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  6. #16
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    Piscator field Notes

    I finally got to try out the Kimber .22 LR I bought last month. At sunrise I took 3 squirrels with three bullets in three minutes. Not bad considering I've never fired this rifle before. I'd like to get a different scope on it as I found the Bushnell fixed 4 power it came with didn't zoom in on the critters as close as I'd like to pull off those devastating head shots consistently. The first big male I took was close enough and the head shot was no problem. The smaller female and another big male were both lung shots but were farther out. Took a walk and added one more medium sized female to the bag for a half limit. A beautiful crisp day to be out and about on my favorite squirrel ridge.
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    Piscator field Notes

    Unfortunately, my brother and I came home empty handed. Great hunting conditions (snow) for tracking up in the A2 on what is called the Dead Diamond area. Gives a hunter a new appreciation of these little hills here in CT! Non stop swirling wind, snow coming in sideways and 40 degree climbs to the summits via logging roads littered with logging debris and knee deep mud holes… and loved every minute of it! Found a lot of activity in a small area hoping there would be bucks courting the does. Had some REAL close encounters with does and skippers at 25 to 30 feet in the raspberries. Wish I had the camera, but I had too much to carry as it was. We hunted hard every day from sun up to sun down. The plus was coming back to our ultra-modest camp at night and having a great home cooked dinner ready for us. Our guide's friend from Enfield, CT took a 6 pointer from the valley below us and a local feller brought in a beautiful mature 11 pointer who survived the kill-off of 2008. That deer weighed 203 dressed and had a weird double brow tine and a couple kicker points that gave it plenty of character. Definitely not hunting for those with heart conditions. CT is going to be a cake-walk in comparison this year.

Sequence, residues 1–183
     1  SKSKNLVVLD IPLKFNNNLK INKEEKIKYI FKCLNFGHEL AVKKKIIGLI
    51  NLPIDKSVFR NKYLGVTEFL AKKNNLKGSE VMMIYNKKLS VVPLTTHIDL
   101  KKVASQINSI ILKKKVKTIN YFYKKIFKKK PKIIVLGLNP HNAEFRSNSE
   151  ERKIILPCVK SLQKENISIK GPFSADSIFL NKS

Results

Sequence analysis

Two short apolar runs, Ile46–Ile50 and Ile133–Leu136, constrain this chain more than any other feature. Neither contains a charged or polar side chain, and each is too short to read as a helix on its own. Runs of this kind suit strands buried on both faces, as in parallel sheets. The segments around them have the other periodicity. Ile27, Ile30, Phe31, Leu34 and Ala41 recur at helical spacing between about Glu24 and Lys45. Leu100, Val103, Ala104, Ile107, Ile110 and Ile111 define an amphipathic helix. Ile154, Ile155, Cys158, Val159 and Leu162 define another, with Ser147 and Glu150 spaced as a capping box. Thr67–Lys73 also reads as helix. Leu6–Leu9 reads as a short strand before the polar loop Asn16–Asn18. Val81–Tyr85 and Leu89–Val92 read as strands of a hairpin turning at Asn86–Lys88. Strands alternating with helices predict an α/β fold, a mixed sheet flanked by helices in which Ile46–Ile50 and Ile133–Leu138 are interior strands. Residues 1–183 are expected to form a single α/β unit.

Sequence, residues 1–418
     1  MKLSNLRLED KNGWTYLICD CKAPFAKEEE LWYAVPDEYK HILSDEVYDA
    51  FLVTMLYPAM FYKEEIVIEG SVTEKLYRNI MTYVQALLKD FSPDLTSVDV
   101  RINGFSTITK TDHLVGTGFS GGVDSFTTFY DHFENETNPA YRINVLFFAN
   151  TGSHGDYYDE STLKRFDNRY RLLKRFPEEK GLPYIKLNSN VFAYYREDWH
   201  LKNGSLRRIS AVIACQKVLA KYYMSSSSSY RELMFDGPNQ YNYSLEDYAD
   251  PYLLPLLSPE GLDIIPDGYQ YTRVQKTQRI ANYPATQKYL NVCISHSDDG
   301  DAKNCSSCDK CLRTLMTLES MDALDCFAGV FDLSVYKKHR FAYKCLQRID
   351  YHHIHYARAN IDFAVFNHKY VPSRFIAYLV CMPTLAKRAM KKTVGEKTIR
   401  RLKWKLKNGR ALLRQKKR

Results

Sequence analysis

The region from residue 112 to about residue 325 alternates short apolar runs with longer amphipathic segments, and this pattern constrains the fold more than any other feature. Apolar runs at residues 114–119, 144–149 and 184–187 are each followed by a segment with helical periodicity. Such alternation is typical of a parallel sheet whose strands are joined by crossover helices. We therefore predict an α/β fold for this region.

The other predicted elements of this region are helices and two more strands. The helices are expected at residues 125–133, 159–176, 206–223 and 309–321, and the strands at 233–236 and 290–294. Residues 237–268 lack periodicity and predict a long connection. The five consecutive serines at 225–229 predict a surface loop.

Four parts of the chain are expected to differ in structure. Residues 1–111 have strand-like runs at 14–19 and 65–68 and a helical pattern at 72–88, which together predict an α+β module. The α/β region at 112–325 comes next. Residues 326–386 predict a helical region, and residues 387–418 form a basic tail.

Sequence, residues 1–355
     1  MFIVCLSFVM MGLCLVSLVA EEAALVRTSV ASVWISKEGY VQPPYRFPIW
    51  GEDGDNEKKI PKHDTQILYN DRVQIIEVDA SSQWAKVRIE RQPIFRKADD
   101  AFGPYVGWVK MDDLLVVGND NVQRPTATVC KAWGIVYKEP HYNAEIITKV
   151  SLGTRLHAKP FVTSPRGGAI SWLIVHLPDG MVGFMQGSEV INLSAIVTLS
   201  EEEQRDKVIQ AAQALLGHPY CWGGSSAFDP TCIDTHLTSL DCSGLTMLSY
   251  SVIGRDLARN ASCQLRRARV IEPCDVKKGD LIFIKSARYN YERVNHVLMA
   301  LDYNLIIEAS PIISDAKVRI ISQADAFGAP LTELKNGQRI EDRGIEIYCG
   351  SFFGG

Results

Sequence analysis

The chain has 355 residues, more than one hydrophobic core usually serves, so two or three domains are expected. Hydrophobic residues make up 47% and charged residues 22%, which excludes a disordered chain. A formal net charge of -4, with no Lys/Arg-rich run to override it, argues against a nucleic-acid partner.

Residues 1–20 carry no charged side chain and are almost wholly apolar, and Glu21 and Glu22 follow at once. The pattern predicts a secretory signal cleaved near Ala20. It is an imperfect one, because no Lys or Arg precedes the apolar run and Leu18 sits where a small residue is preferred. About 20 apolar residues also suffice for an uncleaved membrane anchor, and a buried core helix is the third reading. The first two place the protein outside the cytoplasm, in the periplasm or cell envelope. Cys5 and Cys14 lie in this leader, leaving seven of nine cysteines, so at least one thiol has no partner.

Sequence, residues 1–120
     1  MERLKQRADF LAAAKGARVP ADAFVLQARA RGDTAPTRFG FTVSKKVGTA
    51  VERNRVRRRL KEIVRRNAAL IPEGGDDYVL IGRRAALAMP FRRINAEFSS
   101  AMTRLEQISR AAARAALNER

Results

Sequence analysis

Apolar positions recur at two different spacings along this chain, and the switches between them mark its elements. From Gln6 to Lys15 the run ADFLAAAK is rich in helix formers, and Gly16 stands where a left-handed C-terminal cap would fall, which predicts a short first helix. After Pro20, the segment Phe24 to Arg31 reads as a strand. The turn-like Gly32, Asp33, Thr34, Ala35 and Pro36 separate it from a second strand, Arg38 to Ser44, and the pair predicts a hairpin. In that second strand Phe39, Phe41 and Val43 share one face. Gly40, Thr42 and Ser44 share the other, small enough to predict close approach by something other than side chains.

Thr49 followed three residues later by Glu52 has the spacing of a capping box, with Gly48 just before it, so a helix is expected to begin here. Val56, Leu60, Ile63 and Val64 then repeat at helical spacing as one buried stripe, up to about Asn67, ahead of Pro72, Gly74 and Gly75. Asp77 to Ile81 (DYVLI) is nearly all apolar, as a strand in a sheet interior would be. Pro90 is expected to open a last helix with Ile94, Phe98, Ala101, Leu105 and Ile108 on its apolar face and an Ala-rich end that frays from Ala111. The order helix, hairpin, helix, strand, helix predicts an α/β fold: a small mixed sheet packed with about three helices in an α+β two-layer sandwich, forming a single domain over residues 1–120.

Regards -Andy

  8. #18
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    Oyster Mushrooms!

    While out and about I slammed on the brakes after seeing the mutha-lode of oyster mushroom clusters. I've been driving right by them but now that the leaves are all down they stuck out like a sore thumb. About 4 pounds of them from 1 tree! These are going to be a great compliment to the bear and venison dishes this year.
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    Would you mind sharing the recipe on how to fix the srhooms .
    I see some of them at times while hunting ...
    Shoot a Coyote save a Fawn

  10. #20
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    A simple sautee in butter and/or olive oil, some chopped onion or shallot, fresh or powdered garlic. Throw what you'll use for the week in the fridge and freeze the rest.

    Or, make a Hunter's (chasseur's) sauce to go with any red wild game meat.
    Makes 2 cups

    Ingredients
    1 cup chopped mushrooms
    2 tablespoons butter
    2 tablespoons minced onions
    1/2 cup tomato puree
    1/2 cup red or Madiera wine
    1 cup left over home-made beef gravy (or brown gravy made from a packet)
    2-5 drops Maggi seasoning (or Worcestershire sauce)
    salt and pepper, to taste

    Preparation
    1. Saute the onions in butter until very tender.
    2. Add the mushrooms and saute for about 2-3 more minutes.
    3. Add the wine, simmer, and reduce by half.
    4. Add the beef gravy and tomato puree and simmer for about 5 minutes.
    5. Add the Maggi seasoning, salt and pepper to taste (you can also try adding your favorite herbs to this sauce).
    6. Serve with venison or bear steak
    Last edited by piscator; 11-08-2010 at 08:34 PM.